The average New Orleanian housewife, as Bunny once noted, has an internist's working knowledge of every possible disease that can be caught in these parts. The man who holds the attention of the barroom is the guy who can top everyone else's hard luck stories. The Great Flood of May 3, 1978 was the most exciting of recent times, at least until another Hurricane comes. Even Carnival is talked of by the Yat in the most matter-of-fact ways, only the abominations of tradition being noteworthy.

A few years ago, the "lost city of New Orleans" was being compared to Atlantis.

UPDATE: For news junkies, try the Times-Picayune's breaking news blog.

Blame the French for Katrina

A writer for the Los Angeles Times works the blame-the-French angle into coverage of Hurricane Katrina. (Registration required.)

In 1718, French colonist Jean Baptiste LeMoyne de Bienville ignored his engineers' warnings about the hazards of flooding and mapped a settlement in a pinch of swampland between the mouth of the Mississippi River, the Gulf of Mexico, and a massive lake to the north [Lake Pontchartrain].

On the other hand, reading some of the comments to hurricane stories on the BBC's web site, I learned that Katrina apparently is punishing the United States for not spending more on foreign aid.

Ok, so Bienville picked a risky site. Who in 1718 would have guessed that more and more levees would have been built all up and down the Mississippi River and around New Orleans to regulate the water that used to spill into swamps and wetlands and to protect a growing industrial city? I wonder if anyone will have the political guts to say, "Let's rethink the whole plan before we rebuild."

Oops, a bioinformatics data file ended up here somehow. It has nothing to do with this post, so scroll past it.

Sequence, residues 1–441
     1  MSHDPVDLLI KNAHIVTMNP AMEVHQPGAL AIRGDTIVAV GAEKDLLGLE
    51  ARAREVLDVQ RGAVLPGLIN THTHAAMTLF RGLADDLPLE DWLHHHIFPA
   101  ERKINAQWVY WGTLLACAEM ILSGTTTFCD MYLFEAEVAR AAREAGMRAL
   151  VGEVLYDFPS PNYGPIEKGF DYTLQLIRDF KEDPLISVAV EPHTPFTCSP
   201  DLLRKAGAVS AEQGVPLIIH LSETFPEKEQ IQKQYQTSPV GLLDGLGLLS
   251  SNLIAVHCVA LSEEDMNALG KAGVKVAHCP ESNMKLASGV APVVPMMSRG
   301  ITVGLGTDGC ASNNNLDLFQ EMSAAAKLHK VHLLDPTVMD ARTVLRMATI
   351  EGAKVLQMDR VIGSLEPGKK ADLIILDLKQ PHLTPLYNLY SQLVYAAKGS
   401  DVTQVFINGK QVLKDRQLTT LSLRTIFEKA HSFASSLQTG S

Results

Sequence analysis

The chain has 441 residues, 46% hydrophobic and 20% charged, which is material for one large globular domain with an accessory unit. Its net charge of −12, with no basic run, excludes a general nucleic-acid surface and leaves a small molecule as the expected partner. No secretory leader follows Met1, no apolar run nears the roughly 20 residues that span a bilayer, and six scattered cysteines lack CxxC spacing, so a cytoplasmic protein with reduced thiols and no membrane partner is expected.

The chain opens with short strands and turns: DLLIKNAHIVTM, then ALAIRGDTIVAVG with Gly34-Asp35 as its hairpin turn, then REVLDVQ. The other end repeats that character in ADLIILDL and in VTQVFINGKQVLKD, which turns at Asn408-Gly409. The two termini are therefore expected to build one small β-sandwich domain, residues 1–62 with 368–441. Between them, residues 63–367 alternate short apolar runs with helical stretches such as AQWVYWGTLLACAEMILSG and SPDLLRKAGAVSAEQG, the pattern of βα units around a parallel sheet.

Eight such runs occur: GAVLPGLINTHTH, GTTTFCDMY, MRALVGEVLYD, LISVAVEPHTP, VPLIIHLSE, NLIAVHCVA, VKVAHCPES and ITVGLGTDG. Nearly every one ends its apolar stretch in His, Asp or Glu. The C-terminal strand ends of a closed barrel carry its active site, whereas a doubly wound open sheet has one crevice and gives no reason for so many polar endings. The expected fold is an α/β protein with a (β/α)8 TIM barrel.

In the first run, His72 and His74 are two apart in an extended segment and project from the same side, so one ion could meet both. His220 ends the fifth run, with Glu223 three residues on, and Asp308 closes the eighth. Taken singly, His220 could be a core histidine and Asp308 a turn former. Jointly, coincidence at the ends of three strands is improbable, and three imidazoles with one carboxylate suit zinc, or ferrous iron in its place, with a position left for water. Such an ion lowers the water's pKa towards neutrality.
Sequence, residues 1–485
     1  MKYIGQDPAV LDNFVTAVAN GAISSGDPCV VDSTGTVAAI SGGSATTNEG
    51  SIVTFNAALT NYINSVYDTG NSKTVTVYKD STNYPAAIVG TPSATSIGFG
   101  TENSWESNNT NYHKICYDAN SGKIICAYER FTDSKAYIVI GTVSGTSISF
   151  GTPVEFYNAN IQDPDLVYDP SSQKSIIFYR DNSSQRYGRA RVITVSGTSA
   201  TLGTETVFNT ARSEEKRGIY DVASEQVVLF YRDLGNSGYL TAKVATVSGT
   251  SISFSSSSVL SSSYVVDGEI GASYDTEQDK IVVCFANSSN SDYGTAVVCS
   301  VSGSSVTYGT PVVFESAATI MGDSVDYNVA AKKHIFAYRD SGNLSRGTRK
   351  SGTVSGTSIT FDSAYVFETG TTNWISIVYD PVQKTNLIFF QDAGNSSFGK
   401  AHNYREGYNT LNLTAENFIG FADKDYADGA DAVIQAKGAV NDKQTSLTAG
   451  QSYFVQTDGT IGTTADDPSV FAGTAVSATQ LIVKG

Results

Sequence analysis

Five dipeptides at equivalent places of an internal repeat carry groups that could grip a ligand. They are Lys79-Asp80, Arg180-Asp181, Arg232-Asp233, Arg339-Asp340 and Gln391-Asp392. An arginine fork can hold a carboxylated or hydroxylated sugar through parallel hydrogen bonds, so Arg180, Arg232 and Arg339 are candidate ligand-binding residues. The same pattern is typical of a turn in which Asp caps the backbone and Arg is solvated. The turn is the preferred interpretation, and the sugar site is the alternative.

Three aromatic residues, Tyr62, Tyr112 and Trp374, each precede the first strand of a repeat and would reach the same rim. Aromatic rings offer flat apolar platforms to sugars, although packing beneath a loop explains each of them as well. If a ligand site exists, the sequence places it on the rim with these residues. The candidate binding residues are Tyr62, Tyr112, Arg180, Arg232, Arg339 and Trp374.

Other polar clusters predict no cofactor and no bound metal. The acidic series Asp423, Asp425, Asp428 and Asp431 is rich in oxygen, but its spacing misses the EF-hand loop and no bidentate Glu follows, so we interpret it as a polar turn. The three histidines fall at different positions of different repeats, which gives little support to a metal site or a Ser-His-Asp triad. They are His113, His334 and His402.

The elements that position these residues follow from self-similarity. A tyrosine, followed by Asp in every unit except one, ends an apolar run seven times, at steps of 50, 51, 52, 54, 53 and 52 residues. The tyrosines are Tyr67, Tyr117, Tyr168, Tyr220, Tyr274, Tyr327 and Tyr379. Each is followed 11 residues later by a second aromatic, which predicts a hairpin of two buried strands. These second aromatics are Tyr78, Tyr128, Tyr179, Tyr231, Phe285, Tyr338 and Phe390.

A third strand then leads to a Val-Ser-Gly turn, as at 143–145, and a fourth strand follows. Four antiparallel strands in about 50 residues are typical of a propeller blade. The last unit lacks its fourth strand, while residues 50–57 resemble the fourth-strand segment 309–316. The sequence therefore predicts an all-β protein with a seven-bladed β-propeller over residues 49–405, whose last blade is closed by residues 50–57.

August 30, 2005

Whack 'em and stack 'em

The Idaho Statesman reviews a Ted Nugent concert. (Via The Stain).

• The celebration of violence was disturbing. The quintessential bloodthirsty redneck, Nugent cherishes hunting and preached "the beauty of the sacred gut pile." Dandy. But when he gleefully touted the 60-year anniversary of the atomic bombing of Hiroshima and "the Japs," adding that America will "melt" anyone who threatens this country? Gosh, terrific concert vibe there, Ted..

In some quarters, Ted Nugent is considered a spokesman for ethical hunting. But he has a literary style of his own:

He names a wild boar after Janet Reno ("the only thing missing was the purple dress and he-man haircut"), and describes the same boar as emitting a "Courtney Love-like squeal," while the remaining boars mill around like "a throng of stoned, lost Grateful Dead fans."

The God and Nature Blame Game

Terry Mattingly of GetReligion [as in, "the press just does not get religion"] summarizes coverage of religious responses to Hurricane Katrina. God hates New Orleans? God spared New Orleans? God hates Biloxi? Whose God is punishing America for whose sins?

August 28, 2005

"Uninhabitable for weeks"

The Mason Gulch Fire was bad enough here, but Brendan Loy is right, this National Weather Service announcement about Hurricane Katrina is truly apocalyptic.

UPDATE: Don't bother with the Weather Service link, as the information there has changed as time passed. Suffice it to say that the original warning included everything except an angel with a flaming sword.